Driving into the Sun

This morning, like every other weekday morning, Nigel got on his bike to go to school, Aidan walked to the bus stop to be picked up to go to his school, and I got in my car to go to work. A few miles down the road, I pulled up to the intersection and into the left turn pocket that leads out to the freeway. I could barely see the signal because the sun was directly behind it, blinding me. I tilted my head so that most of my vision was shaded by the car’s visor, and the little red arrow was faintly visible in the thin space between the visor and my rear view mirror. A moment later I could barely make out the little arrow changing from red to green, and I blindly drove forward. I felt like I was driving into the sun.

And it struck me, as I got on the freeway, that for the past twelve years since my son’s diagnosis, that’s exactly how it’s been. That’s how it is for all of us. We are driving into the sun. There are no rules about raising a child with autism! No tried and true methods. What works for one child doesn’t work for another. Because I pursued intensive (but non-aversive) ABA treatments for my son so that we could increase his chances of learning to talk, and then medication to help regulate his behavior, does not mean that I do not accept him as he is. Because someone else does not pursue various therapies does not mean that they do not want to help their child. Because I say that my son “is autistic” does not by any means indicate that I don’t think that there is “so much more to him” than that. Because other parents prefer to say that their children “have autism” does not by any means indicate that they’re in denial. Both ways are valid – and appropriate. There are no rules with autism. We are all living with it the best way we can.

At work a while later, I received an e-mail with a link to this New York Times article. Here’s the crux of it: “Though it [Asperger’s] became an official part of the medical lexicon only in 1994, the experts who are revising psychiatry’s diagnostic manual have proposed to eliminate it from the new edition, due out in 2012.” How does that grab you? I knew that the DSM was up for revision, but I never thought that this was the way it would go. And you know what that tells me? It tells me that we parents aren’t the only ones driving into the sun. If the “experts” don’t know how to effectively define all of autism’s manifestations, where does that leave us?

It leaves us right where we’ve always been, doing what we’re doing, forging ahead even when we’re not sure if we can. Damning the torpedoes and hoping for the best. Trying everything – or not. Because the bottom line is that we have to do what feels right to us, not what neighbors or relatives think we should do. Certainly not what “experts” tell us to do. Instead, we network, we support each other and our different choices. We respect one another as parents of autistic children, and as parents of children with autism. Because whether some of us go to the left and some of us go to the right, we’re all just figuring it out as we go, trying to live our best lives. And if we all arrive at the same destination, does it matter how we get there?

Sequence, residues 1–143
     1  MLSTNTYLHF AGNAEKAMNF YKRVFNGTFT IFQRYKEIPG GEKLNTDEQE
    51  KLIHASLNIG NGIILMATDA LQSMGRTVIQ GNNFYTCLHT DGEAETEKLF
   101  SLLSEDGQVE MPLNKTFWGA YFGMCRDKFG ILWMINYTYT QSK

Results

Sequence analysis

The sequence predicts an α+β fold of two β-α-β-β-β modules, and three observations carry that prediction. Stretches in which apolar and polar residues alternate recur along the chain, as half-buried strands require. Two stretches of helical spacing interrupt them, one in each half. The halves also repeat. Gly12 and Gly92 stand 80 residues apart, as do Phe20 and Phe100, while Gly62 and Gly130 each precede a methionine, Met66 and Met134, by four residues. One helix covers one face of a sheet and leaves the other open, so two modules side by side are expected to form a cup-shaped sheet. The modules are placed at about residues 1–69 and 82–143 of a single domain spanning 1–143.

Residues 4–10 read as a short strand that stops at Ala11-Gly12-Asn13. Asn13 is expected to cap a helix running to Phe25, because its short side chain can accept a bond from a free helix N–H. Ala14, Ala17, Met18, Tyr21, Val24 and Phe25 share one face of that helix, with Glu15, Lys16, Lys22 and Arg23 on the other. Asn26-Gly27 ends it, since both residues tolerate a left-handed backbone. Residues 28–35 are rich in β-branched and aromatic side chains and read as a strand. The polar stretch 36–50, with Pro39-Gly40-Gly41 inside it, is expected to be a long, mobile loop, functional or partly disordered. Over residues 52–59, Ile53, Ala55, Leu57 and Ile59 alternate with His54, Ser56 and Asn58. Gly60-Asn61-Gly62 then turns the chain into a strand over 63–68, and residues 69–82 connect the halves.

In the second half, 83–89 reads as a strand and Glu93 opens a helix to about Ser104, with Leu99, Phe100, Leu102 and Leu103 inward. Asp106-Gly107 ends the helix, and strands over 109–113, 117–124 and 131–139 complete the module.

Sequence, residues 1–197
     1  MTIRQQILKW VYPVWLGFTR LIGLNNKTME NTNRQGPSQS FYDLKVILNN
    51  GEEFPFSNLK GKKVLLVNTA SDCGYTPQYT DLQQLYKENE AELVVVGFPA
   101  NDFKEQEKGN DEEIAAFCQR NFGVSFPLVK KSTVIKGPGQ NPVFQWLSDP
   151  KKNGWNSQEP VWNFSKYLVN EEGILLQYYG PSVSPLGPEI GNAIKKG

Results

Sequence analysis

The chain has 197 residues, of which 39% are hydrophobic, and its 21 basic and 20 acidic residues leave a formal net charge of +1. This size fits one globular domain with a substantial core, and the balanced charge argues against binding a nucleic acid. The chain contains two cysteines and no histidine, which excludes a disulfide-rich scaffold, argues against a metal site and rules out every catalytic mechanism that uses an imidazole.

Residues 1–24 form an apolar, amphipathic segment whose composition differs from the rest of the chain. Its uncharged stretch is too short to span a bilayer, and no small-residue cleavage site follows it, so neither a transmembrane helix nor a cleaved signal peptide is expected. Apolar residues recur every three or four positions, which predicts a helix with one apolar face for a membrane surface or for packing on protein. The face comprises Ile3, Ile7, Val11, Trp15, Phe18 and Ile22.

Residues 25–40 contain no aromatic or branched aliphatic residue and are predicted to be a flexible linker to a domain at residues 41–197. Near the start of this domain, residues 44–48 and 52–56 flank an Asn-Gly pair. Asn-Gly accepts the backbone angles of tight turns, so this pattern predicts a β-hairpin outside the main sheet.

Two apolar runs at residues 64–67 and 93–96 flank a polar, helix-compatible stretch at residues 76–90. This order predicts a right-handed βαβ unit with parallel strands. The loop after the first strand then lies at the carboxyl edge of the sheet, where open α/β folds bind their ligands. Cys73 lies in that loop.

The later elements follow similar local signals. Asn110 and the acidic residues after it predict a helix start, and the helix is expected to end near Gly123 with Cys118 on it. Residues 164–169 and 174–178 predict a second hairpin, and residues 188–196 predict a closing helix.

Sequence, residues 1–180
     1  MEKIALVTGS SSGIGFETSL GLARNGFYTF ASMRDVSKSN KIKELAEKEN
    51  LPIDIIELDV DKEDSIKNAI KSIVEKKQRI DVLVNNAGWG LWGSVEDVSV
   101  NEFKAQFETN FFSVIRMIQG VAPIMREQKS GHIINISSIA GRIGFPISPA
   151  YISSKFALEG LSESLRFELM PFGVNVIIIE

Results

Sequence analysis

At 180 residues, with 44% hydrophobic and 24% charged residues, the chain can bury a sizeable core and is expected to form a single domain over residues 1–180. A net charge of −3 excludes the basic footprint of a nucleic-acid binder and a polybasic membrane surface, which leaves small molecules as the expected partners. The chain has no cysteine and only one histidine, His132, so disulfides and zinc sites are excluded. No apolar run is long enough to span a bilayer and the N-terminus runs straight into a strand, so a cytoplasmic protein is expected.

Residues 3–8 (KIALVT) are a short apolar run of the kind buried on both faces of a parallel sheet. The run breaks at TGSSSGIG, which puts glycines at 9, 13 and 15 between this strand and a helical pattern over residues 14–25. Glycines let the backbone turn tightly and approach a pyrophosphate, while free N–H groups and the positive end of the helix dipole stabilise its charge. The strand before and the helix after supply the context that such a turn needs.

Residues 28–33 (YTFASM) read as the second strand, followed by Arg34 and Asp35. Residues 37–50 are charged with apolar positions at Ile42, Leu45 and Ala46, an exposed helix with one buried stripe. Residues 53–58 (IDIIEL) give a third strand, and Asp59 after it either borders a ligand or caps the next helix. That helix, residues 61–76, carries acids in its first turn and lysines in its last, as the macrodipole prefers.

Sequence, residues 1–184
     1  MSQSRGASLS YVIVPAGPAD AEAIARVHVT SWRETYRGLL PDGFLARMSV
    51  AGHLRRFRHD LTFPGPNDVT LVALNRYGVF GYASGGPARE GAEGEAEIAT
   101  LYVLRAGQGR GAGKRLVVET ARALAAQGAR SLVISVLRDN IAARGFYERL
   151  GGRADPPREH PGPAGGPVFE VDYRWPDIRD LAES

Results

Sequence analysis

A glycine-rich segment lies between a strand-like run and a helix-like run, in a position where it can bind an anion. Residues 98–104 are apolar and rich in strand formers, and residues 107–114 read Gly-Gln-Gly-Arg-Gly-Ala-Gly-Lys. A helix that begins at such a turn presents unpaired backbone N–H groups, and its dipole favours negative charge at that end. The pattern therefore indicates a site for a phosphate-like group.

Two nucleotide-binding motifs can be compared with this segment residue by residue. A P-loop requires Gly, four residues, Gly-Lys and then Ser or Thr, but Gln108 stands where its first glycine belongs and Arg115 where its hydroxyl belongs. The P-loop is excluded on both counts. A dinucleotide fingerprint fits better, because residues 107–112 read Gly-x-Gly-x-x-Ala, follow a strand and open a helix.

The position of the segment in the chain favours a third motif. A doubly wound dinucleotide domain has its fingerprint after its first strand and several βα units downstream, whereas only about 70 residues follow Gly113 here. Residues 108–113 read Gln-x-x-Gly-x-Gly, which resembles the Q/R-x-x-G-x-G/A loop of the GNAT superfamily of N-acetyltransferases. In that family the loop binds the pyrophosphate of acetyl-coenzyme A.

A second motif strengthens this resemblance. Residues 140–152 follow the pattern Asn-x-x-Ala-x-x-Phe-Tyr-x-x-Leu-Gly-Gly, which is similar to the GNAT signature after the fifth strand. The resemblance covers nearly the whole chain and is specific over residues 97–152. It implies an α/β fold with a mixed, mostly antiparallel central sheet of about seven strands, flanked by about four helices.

It’s like with the boys and me this morning, every morning. We all go our separate ways, but at the end of the day, we are home, happy, together. We may do a little driving into the sun while we’re out there, but the day still passes, and we have the harbor of one another to see us through.

16 thoughts on “Driving into the Sun

  1. Casdok

    Vwey well put.
    Your so right there are no rules and we are all driving into the sun – experts aswell. And all we can do is the best we can.

  2. M

    i like your description…especially as it relates to this issue, i’m assuming it’s going to be an emotionally charged issue for many people. i know it is for me. so, i appreciate the your tone, the imagery, the ability to step back, give it careful consideration.

  3. Michelle S

    well said. The key is we do have to accept each others choices. There are too many people out there telling each other they are doing it wrong..how can people know that. everyone is so different, autism or not.

  4. goodfountain

    You are so right, Tanya. And I’m kinda internally debating some things with C, but your post reminds me that in the end I’m just doing what I think (I hope) is best for MY kid.

  5. CorrieHowe

    I like your take on the article. I agree with M, I like the imagery. I was also emailed a link the to article and I posted on it today. Accidental Expert at Raising Complicated Kids was the first blog I’ve seen referencing it. I went onto some forum yesterday to see what everyone else is thinking.

  6. Kim

    You say this very well Tanya. I wish more people would see things this way. When the Roc was first diagnosed two years ago I went on the autism speaks message boards and was FLOORED at the way the parents were attacking each other. I was hoping to find support and a direction after receiving the diagnosis and was left with a sour stomach at the violence with which these parents “spoke” to each other.

    Every parent has to do what they think is right for their specific child and as each child is different – they respond to different things. I leave those parents that I feel I need to tiptoe around alone – I just do not have energy for the backlash.

  7. mama edge

    Tanya Savko for President of the Autism Society of America!

    I’m not kidding. We need a spokesperson like you bringing our community together and helping us find our way.

  8. Tera

    Thanks again Tanya. You took my thoughts and the words right out of my mouth. We all do the best we can with what we are capable of…whatever that means for each of us only delivers the end result. Parenting a child with autism…an autistic child….and hoping to find contentment at the end of each day.

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